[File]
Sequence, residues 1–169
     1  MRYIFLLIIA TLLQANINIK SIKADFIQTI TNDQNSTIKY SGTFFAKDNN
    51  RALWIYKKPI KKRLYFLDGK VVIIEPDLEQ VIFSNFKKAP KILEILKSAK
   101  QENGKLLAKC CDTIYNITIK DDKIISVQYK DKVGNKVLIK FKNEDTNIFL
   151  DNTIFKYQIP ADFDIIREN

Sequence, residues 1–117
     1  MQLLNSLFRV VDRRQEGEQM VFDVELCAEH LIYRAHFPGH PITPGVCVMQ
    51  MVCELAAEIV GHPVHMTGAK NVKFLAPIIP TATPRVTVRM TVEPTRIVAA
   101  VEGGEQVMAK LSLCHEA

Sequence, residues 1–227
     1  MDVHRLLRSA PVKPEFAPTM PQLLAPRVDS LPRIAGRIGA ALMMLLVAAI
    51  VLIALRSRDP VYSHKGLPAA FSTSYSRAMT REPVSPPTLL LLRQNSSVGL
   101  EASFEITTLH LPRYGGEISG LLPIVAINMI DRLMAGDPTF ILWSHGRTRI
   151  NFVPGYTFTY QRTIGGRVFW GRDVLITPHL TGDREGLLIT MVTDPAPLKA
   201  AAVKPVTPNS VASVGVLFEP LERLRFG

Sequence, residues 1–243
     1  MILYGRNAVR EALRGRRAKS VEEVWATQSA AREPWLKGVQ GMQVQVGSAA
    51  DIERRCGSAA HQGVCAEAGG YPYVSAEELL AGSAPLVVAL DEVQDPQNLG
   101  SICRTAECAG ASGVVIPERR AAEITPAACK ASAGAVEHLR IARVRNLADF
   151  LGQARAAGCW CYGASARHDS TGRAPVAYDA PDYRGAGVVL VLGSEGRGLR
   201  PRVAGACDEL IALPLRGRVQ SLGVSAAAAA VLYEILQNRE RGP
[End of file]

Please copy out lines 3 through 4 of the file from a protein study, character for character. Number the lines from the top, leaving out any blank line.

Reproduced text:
    51  RALWIYKKPI KKRLYFLDGK VVIIEPDLEQ VIFSNFKKAP KILEILKSAK
   101  QENGKLLAKC CDTIYNITIK DDKIISVQYK DKVGNKVLIK FKNEDTNIFL